class DocumentsToShow:
        def show_documents(self):
            if self._desktop != -1:
                subprocess.check_call(['wmctrl', '-s', str(self._desktop - 1)])
            os.chdir(self._directory)
            for document in self._documents:
                Popen_without_zombie([self._command, document])

        def __init__(self, name, desktop, command, directory, documents):
            '''Initialise the class'''

            try:
                subprocess.check_call(['which', command])
            except subprocess.CalledProcessError:
                raise ValueError('Command \'{0}\' is not known'.format(command))

            self._name      = name
            self._desktop   = desktop
            self._command   = command
            self._directory = expanduser(directory)
            self._documents = documents


--
Cecil Westerhof
Senior Software Engineer
LinkedIn: http://www.linkedin.com/in/cecilwesterhof

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Best way to prevent zombie processes

Marko Rauhamaa
In reply to this post by Cecil Westerhof
Cecil Westerhof <Cecil at decebal.nl>:

>         Thread(target = p.wait).start()
>
> [...]
>
> How about this way of solving it?

It works.


Marko

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Best way to prevent zombie processes

Cecil Westerhof
Op Monday 1 Jun 2015 15:32 CEST schreef Marko Rauhamaa:

> Cecil Westerhof <Cecil at decebal.nl>:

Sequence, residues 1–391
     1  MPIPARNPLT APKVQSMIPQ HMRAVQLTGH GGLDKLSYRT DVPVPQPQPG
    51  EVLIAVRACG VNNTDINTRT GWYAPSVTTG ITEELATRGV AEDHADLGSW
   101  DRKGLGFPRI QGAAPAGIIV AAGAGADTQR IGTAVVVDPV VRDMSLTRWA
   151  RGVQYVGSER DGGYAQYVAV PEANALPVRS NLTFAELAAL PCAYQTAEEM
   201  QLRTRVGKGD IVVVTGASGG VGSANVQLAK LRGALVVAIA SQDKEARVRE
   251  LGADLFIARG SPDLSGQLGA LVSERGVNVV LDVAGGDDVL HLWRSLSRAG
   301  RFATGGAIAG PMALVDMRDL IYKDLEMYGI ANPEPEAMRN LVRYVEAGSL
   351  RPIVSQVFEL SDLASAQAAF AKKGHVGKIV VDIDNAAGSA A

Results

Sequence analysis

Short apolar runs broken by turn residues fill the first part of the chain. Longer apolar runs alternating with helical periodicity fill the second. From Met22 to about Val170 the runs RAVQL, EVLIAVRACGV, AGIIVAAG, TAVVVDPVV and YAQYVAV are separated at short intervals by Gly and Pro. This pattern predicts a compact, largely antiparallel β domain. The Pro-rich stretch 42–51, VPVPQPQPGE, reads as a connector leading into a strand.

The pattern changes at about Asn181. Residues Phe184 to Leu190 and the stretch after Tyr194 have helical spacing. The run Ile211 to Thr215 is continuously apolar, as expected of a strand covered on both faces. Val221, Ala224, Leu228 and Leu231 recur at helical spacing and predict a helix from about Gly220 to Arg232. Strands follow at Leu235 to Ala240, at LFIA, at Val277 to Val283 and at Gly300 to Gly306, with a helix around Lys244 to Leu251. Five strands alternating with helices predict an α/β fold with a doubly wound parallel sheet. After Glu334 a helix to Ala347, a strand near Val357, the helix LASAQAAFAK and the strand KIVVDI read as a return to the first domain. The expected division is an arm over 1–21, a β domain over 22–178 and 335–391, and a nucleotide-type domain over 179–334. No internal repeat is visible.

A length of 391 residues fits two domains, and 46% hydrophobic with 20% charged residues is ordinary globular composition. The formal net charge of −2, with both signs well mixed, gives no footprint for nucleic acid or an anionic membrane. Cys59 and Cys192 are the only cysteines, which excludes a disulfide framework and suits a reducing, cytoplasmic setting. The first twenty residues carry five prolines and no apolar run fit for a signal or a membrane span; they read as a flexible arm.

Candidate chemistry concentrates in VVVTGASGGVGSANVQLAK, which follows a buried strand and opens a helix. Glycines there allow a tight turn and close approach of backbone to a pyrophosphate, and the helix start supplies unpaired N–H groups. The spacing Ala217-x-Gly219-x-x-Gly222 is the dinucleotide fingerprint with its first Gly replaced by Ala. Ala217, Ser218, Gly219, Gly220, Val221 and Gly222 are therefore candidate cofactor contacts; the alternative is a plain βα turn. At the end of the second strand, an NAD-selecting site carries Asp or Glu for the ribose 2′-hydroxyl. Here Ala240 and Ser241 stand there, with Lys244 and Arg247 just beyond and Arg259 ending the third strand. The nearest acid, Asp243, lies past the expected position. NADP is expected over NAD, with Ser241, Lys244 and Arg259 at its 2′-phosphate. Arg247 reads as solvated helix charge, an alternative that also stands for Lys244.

>
>> Thread(target = p.wait).start()
>>
>> [...]
>>
>> How about this way of solving it?
>
> It works.

That I knew: I tested it before I posted it. What I mend is this
better, worse, or the same as working with signal. In my eye it is
much better, but maybe there is a reason that would make my line of
thinking wrong.

--
Cecil Westerhof
Senior Software Engineer
LinkedIn: http://www.linkedin.com/in/cecilwesterhof

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Best way to prevent zombie processes

Grant Edwards-7
In reply to this post by Marko Rauhamaa
On 2015-05-31, Marko Rauhamaa <marko at pacujo.net> wrote:

> Cecil Westerhof <Cecil at decebal.nl>:
>
>> At the moment I have the following code:
>>     os.chdir(directory)
>>     for document in documents:
>>         subprocess.Popen(['evince', document])
>>
>> With this I can open several documents at once. But there is no way to
>> know when those documents are going to be closed. This could/will lead